Reproductive studies may also be conducted via oral or IV route with demonstration of absorption (oral) and pharmacokinetic comparisons of the chosen route versus transdermal.
Photocarcinogenicity studies may be required and should be considered if data and the proposed use indicate when evaluating materials to be placed on the skin for prolonged periods of time and exposure to UV light is a factor (e.g., sun block). This also applies to oral, parenteral, and inhalation products where skin drug concentrations exceed plasma drug concentrations for a substantial period of time, or where the candidate material would appear to have the potential for photo-activity or has demonstrated photo-activity.
for injectable dosage forms:
Background Information—
  1. Define compatibility of the dosage form with blood, if appropriate, based on route of exposure.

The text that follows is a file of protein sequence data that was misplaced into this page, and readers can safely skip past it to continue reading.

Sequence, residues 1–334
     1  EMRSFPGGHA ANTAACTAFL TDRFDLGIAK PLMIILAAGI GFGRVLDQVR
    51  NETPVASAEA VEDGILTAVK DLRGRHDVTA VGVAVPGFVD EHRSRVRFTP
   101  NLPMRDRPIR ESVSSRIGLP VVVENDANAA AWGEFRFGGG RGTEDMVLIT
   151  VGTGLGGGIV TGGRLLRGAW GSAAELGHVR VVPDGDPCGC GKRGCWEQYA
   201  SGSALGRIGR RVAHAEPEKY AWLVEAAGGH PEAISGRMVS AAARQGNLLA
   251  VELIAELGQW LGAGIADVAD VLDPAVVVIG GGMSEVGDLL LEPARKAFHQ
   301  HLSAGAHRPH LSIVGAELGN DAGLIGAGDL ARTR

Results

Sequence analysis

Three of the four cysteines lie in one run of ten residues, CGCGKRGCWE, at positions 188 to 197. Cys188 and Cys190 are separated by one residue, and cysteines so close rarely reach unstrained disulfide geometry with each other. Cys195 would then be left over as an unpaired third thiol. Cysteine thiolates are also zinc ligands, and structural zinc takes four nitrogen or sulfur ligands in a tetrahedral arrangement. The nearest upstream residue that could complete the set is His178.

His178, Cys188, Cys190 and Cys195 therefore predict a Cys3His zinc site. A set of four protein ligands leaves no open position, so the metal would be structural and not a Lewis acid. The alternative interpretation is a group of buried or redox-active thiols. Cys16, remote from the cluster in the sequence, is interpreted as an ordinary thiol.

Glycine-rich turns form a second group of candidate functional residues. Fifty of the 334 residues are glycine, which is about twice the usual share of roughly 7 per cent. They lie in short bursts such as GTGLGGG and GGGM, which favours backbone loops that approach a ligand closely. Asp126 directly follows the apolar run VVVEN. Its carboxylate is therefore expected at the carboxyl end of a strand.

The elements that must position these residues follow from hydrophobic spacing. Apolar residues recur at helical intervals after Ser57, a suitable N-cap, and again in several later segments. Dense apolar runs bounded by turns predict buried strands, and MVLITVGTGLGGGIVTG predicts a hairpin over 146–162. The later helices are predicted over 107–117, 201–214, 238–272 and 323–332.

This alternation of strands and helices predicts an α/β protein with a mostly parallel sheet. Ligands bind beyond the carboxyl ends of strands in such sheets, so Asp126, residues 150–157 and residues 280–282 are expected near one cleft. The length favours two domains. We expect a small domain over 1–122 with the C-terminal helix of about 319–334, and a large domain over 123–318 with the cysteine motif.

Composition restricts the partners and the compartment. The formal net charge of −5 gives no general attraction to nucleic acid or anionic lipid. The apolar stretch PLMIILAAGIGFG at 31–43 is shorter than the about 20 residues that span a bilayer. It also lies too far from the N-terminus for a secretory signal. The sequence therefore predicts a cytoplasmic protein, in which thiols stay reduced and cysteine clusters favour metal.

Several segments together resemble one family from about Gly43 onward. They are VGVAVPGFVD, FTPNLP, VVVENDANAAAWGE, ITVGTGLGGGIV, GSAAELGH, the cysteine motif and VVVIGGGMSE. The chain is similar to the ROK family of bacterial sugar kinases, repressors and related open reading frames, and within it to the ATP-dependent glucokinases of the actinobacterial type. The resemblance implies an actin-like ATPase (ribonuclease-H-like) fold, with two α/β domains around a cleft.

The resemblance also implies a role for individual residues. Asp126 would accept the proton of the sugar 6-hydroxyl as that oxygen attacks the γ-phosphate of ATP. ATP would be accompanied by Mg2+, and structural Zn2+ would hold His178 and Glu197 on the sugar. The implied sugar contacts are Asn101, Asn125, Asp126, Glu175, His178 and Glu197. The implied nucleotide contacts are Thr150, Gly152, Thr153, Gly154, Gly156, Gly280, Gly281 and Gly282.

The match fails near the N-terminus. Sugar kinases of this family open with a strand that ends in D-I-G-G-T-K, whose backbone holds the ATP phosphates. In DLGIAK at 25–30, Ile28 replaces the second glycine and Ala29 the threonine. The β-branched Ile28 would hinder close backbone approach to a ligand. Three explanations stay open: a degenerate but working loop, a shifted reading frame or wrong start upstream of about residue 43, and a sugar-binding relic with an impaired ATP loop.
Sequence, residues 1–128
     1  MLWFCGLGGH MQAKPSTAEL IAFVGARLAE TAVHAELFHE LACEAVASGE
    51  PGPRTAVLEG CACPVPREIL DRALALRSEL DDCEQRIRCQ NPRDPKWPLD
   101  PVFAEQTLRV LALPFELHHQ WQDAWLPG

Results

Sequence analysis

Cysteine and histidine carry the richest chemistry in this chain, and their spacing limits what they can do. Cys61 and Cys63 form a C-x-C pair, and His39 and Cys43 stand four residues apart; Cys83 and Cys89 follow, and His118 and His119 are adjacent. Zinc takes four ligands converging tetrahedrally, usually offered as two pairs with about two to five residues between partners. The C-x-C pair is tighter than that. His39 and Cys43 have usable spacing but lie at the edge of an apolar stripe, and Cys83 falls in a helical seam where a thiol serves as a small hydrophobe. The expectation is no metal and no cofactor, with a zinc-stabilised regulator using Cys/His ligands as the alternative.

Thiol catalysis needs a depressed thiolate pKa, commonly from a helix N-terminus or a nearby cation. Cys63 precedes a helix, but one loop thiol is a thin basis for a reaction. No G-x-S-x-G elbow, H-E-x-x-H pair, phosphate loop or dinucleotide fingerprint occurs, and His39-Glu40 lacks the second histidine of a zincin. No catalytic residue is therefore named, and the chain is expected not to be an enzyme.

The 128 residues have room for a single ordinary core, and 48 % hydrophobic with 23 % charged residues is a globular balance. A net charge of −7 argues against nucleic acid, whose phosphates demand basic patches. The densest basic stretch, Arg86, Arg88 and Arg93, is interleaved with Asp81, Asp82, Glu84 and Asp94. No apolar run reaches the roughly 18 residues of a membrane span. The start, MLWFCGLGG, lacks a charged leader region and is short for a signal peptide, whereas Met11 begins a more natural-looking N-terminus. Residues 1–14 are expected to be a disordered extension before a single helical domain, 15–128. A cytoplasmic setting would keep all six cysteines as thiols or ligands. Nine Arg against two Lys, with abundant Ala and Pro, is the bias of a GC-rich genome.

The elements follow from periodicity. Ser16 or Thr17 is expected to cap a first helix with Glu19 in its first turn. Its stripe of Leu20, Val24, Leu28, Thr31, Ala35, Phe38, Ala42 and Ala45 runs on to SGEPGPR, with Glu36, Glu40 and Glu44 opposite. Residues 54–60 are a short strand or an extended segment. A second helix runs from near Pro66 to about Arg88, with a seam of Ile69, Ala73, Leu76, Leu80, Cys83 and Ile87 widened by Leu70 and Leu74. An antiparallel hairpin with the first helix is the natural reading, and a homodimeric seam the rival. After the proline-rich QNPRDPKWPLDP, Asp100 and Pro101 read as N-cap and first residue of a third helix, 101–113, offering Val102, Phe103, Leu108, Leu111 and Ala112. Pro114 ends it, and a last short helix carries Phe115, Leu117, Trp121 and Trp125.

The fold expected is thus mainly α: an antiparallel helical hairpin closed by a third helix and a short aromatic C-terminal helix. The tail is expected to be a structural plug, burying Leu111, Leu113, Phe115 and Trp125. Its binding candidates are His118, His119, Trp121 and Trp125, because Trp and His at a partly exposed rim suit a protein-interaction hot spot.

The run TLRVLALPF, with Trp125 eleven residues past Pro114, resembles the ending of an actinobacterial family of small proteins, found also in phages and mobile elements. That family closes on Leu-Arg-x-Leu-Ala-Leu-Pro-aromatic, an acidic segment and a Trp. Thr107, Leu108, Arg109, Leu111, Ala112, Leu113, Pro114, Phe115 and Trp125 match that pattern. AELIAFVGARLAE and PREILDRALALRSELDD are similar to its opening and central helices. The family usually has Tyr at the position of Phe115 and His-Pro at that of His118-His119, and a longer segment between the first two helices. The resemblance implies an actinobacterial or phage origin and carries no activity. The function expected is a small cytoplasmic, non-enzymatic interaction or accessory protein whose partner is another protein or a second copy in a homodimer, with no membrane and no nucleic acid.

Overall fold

2. Define the pH and tonicity of injectable dose form, if appropriate, based on the route of exposure.
Baseline Toxicity Data—
  • Effects of Acute Exposure by Intended Injectable Dose Routes
    1. Include evaluation of injection site irritation in rabbit or dog
    2. Include evaluation of rate of administration.
for inhalation or intranasal exposure:1
Baseline Toxicity Data—
  • Acute Inhalation Toxicity—A limit test that would, for example, use the highest achievable concentration in a 4-hour exposure to vapor, aerosol, or solid particulate. Pulmonary sensitization may be performed along with other appropriate studies. If exposure is to be to an aerosol or solid particulate, particulates of appropriate mass median diameter should be generated.